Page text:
Ten Years Ago in the NevadaGram — 1908 – The Great Race Redux – 2008
Mechanical difficulties plagued several of the cars, but the most dramatic calamity befell Ray and Pat when the 1930 Chevrolet Speedster lost its throw-out bearing in Montello, in far northeastern Nevada. Efforts to repair it were futile, and replacement parts were unavailable (although someone suggested that Walt, at the Birch Brothers Garage in Ely, might be able to help), so they did what you have to do in that situation: they jammed it into gear and drove on.
Unable to shift gears, they finessed the traffic lights in Wendover, and weathered the rain that crashed down as they pressed on to Ely.
The rain had stopped when they pulled into the parking lot behind the Hotel Nevada, but Walt couldn’t be found so they went to Sportsworld to buy a hockey puck in hopes of fabricating a new bearing. To their astonishment, this big sporting goods store doesn’t stock hockey pucks. “In Canada every store has hockey pucks,” they told me.
A second call to Walt was successful, and they explained they needed a throw out bearing for a 1930 Chevrolet Speedster. Silence, and then Walt said, “I think I have something that will work.” They hurried down Aultman Street to the garage, but Walt wasn’t there. Spirits sinking, they waited . . . and waited . . . until Walt appeared holding the throwout bearing for a 1930 Chevrolet Speedster. “Is this what you’re looking for?” he asked.
Another hour on the wet asphalt under the car and the speedster was as good as new.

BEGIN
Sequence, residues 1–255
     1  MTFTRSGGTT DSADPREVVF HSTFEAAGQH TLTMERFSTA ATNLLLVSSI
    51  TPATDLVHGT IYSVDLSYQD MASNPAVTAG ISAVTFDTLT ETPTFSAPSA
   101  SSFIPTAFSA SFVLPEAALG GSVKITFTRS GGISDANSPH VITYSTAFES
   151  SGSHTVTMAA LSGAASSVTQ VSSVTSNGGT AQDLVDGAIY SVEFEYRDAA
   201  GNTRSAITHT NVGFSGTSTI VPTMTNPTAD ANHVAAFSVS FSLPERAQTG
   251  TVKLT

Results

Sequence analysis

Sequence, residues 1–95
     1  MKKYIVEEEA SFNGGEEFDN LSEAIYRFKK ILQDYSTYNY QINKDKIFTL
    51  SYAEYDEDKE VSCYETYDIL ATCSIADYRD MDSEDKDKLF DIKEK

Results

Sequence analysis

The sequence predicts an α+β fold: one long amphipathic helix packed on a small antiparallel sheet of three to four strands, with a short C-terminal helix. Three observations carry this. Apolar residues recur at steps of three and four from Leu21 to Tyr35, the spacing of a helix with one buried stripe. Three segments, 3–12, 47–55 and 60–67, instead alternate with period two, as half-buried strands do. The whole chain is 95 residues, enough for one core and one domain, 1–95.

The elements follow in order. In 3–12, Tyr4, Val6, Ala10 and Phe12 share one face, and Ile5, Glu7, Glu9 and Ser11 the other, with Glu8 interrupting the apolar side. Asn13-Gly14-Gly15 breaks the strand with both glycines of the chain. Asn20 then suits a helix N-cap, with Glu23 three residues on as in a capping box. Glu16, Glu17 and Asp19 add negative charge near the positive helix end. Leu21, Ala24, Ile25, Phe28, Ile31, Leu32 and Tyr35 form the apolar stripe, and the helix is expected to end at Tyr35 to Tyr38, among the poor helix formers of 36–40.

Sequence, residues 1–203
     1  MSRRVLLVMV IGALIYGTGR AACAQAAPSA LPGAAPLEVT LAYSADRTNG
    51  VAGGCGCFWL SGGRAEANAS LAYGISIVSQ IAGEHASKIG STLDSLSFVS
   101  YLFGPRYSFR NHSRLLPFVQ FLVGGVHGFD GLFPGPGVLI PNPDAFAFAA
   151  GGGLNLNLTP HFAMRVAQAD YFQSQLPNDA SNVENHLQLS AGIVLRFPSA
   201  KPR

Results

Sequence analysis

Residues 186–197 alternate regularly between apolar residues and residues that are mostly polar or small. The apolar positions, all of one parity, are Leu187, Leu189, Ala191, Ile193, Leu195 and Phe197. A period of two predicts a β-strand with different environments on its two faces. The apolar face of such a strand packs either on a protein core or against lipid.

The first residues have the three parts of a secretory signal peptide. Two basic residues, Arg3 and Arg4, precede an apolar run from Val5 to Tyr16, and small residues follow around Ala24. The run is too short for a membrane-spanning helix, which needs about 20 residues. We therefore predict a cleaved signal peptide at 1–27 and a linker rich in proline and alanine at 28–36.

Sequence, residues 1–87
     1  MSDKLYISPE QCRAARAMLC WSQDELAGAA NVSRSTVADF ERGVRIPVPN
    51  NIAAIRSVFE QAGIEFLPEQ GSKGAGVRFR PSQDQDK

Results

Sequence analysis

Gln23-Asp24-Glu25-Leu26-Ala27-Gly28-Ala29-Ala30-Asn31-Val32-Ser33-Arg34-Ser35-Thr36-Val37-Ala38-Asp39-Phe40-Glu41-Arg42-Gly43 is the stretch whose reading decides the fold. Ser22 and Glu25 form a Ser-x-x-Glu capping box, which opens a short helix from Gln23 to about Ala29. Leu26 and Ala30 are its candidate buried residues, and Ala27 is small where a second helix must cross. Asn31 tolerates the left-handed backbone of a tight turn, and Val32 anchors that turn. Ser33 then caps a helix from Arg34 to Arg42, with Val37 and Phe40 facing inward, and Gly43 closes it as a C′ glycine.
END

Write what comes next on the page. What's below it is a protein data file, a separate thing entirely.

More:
15 Years Ago in the NevadaGram — Winnemucca and Austin
On the last day of 2003 Austin will hold an afternoon Brandy & Smoker for men and a Tea & Social for women, followed by a grand Gala Dinner and Ball with everyone decked out in their late 19th century finery. Here’s an article about it from the Las Vegas SUN.
It’s thrilling to see the old city flowering again. The gala New Year’s Ball will be a delightful spectacle, and it may be a whole new day a-dawning for Austin.
Winnemucca, recently anointed America’s “Best Wild West Town” by True West magazine, is now a candidate for selection as an American Dream Town. Three communities are nominated from each state, votes are collected online, and the winner is the one with the highest vote total at the chime of midnight 12/31/03. You can cast a vote here. The other Nevada candidates are Virginia City and Henderson. As a resident of Gold Hill, I can tell you Virginia City is a great place to visit . . . and Henderson’s many virtues are much more apparent in the real world than in dreams. My nominations for Nevada Dream Towns: Baker, Eureka, Yerington, Belmont, Boulder City and Black Rock City, pick any three — wait, Black Rock City is a dream.
Parting Shot —
Gunmetal Mine near Mina Nevada, photo by Gage Smith on Nevada’s Dirt Roads